Concept analysis and development can be understood as a driving force to improve quality in practice. A problem in nursing is that several of the main terms used in the field, which are related to day-to-day practice, are imprecise and ambiguous. Therefore, words such as care, respect, and dignity, which reflect a special meaning for nurses, should be considered without ambiguity or confusion in order to achieve similar status with other technical terms.

Another example is a study that analyzed and developed the concept of dying with dignity. For a child to die with dignity in a pediatric intensive care unit is a complex phenomenon whose definition remains vague or highly variable. The lack of clarity of this concept resulted in its use in a variety of inadequate situations. That study sought to improve understanding of the term in order to offer subsidies for child care, assist the child’s family, and advance teaching and research on end-of-life care in pediatrics

However, how can this offering be done? How can thedie with dignity concept, or any other important concept for nurses, be clarified? How can the adequate and clear use of nursing terms be guaranteed?

Concept analysis presupposes that a concept was first introduced in the nursing literature and was then tested in field research. This process implies that a concept is decomposed and then rebuilt to contribute to nursing knowledge. The objective of such analysis is to bring a concept as close as possible to use in research or clinical practice and, finally, to contribute to the development of test theories.


While concept analysis has often been considered a form of theoretical assessment based on the literature, concept development proposes a theoretical analysis and field work enabling a deep understanding of concepts. For this reason, concept analysis is conducted before the development of a particular concept because the research begins with critical analysis of literature and will continue with the study of how the concept is manifested in practice.

Once concept analysis is completed, the researcher must test the concept in descriptive studies, particularly qualitative studies, to better develop the concept as its use becomes explicit in real-life situations.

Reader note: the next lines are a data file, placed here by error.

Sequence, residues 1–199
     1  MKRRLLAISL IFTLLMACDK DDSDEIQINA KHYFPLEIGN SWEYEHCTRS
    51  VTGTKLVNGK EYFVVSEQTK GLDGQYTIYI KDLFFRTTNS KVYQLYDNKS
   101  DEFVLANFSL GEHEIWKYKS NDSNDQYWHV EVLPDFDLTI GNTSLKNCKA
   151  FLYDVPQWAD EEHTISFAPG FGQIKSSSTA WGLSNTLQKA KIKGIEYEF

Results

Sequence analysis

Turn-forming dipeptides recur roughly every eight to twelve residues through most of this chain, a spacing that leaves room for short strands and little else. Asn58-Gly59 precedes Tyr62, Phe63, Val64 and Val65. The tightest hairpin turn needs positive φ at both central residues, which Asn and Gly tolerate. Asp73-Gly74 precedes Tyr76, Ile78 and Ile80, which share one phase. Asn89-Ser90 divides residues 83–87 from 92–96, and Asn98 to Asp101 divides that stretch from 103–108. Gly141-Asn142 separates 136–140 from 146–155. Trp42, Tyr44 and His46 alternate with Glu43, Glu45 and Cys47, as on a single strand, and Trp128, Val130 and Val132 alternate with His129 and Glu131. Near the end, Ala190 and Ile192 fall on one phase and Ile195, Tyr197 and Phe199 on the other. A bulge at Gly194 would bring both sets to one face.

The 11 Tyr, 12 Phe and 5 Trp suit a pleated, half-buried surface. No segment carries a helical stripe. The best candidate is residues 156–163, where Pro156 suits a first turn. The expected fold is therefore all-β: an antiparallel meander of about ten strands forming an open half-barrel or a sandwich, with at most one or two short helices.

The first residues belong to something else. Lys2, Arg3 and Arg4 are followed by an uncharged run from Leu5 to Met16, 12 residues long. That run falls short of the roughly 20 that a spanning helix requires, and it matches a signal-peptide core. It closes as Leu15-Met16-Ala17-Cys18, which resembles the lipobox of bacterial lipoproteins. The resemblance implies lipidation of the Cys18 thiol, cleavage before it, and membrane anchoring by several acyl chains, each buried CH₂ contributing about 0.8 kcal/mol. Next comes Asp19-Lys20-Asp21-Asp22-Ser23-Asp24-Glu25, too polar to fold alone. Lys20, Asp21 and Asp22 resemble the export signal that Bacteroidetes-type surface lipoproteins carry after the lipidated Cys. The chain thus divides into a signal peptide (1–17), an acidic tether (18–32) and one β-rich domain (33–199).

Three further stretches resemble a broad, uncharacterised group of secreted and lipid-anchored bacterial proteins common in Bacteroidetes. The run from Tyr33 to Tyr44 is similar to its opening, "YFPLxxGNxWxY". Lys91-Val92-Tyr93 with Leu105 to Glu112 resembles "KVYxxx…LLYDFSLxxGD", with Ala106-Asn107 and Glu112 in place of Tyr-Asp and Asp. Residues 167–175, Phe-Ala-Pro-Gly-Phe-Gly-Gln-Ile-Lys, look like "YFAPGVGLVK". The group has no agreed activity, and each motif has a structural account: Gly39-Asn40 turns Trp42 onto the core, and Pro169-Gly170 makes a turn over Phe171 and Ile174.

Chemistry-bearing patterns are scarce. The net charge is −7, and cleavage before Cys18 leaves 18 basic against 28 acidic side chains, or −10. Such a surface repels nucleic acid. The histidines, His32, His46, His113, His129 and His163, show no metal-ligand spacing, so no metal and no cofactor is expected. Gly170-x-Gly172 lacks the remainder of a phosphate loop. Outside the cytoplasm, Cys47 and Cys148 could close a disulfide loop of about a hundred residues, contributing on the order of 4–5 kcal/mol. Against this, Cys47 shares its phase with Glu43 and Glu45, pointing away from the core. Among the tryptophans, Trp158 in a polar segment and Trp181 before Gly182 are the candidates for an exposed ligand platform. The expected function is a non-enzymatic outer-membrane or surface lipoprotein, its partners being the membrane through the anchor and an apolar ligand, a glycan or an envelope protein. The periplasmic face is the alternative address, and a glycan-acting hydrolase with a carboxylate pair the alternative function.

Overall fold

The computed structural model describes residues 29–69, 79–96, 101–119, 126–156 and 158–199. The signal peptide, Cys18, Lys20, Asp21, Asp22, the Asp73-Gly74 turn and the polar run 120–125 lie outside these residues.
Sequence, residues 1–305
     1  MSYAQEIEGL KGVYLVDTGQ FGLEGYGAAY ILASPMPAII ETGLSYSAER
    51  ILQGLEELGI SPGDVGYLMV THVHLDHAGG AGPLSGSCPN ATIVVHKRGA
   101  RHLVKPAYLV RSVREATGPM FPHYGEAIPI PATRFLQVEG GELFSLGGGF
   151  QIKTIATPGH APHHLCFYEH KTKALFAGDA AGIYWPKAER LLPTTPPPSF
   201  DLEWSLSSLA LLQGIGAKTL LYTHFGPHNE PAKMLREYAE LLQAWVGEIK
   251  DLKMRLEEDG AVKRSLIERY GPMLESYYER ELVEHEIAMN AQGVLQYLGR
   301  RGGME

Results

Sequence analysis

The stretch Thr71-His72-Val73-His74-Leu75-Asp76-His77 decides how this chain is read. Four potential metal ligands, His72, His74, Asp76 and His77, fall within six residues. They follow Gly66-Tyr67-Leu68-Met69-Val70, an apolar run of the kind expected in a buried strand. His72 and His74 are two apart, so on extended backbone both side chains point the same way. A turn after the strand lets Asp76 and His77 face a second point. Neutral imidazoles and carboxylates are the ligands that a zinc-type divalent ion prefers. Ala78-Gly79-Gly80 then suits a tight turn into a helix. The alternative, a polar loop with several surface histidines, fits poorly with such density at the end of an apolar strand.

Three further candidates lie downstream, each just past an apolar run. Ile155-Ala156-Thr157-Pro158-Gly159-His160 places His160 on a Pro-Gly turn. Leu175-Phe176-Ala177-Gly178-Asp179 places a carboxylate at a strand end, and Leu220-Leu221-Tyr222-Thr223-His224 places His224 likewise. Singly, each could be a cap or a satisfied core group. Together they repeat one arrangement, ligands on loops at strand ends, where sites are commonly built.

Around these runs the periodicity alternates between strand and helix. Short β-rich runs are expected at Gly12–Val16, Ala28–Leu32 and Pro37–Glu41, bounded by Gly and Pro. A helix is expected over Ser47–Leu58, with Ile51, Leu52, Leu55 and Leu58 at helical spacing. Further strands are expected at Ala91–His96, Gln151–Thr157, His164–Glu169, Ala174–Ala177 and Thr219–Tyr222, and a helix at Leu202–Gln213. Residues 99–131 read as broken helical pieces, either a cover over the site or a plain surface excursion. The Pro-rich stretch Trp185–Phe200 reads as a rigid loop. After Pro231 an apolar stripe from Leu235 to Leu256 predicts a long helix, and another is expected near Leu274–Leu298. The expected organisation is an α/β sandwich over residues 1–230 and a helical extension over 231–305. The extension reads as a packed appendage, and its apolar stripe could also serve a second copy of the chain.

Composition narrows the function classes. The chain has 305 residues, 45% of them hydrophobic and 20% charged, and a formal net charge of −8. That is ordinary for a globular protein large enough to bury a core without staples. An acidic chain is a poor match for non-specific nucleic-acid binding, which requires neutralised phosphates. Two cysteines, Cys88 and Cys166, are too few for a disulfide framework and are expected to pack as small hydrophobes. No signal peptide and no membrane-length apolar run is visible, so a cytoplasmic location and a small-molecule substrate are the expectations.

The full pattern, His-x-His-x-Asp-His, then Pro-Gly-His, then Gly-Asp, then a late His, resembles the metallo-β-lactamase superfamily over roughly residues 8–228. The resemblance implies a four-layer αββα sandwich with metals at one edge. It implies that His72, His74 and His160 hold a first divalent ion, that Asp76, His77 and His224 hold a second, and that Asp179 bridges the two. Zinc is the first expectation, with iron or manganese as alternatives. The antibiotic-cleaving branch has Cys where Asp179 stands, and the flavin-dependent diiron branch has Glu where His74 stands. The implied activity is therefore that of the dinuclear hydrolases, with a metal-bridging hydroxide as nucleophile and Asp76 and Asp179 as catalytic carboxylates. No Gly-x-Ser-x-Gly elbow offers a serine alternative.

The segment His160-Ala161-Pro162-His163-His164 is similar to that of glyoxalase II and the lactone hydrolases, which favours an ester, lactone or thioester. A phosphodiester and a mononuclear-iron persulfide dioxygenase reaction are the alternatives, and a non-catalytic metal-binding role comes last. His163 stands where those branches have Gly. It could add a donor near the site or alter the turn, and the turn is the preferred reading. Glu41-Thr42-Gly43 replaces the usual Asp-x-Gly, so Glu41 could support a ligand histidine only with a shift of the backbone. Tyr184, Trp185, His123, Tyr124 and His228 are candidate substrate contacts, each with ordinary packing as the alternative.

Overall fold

Critical analysis of the literature

The first step in exploring a concept is critical analysis of the literature. This step is important because it shows the scientific rigor of the research, reduces prejudices of the researchers, clarifies the nature of conceptual problems, and helps the researchers to determine their study objective. All approaches to exploring concepts begin with critical analysis of the literature. This phase enables the researchers to identify the nature of the concept (i.e., the attributes that reflect the real definition of a concept)

A critical analysis of the literature is different from a literature review because in the latter the research has a specific topic. In critical assessment, the researchers critique or challenge the ideas of other authors. Such an approach helps the researchers to explore and develop the concept that will be investigated. In addition, such assessment provides information in diverse conceptualizations of the concept and the contexts in which the concept was used by other researchers. Finally, the assessment gives information on implicit or explicit assumptions and evolution of concept coherence. This analysis produce insights, significant issues, and directions to be taken in the research.

Exploring a concept means identifying attributes, antecedents, and consequences, as described below.


Concept analysis seeks to identify attributes that define the concept. Attributes are words or expressions used with frequency by authors to describe characteristics of a concept(7).

The first step in exploring a concept consists of analyzing several uses of the concept by searching dictionaries and relevant nursing or non-nursing literature. The key question distills attributes from the critical analysis of the literature, thereby producing a conceptual order from chaos


Antecedents are understood as situations, events, or phenomena that precede the interesting concept. Antecedents help researchers understand the social context in which a concept is often used, as well as favoring the refinement of the concept


The consequences of a concept concern events or situations resulting from its use as shown in Figure 1

Figure 1 


Nursing diagnosis is a way to express care needs that identify those who receive care, enabling application of possible nursing interventions. Such diagnoses also lead to possible standardized language among nurses and contribute to the development of nursing knowledge.

The NANDA International classification brings together a set of nursing diagnoses. Therefore, the language used in NANDA-I helps professionals to communicate their experiences with patients. It also contributes to patient care by classifying nursing phenomena and standardizing language among nurses.